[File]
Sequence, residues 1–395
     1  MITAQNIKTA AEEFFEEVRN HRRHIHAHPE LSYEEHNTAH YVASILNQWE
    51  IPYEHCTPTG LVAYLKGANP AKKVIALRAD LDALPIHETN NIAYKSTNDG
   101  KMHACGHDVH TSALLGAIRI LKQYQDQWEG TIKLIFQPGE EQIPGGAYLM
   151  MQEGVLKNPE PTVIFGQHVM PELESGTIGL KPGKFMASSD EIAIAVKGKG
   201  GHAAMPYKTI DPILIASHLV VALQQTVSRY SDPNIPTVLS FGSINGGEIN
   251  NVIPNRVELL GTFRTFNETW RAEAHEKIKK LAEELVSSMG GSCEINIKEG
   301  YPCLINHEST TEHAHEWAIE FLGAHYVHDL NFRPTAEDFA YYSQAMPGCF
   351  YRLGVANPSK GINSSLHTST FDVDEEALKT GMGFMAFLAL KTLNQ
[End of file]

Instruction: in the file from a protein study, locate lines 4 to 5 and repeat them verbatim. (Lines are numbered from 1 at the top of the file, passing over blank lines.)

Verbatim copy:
   101  KMHACGHDVH TSALLGAIRI LKQYQDQWEG TIKLIFQPGE EQIPGGAYLM
   151  MQEGVLKNPE PTVIFGQHVM PELESGTIGL KPGKFMASSD EIAIAVKGKG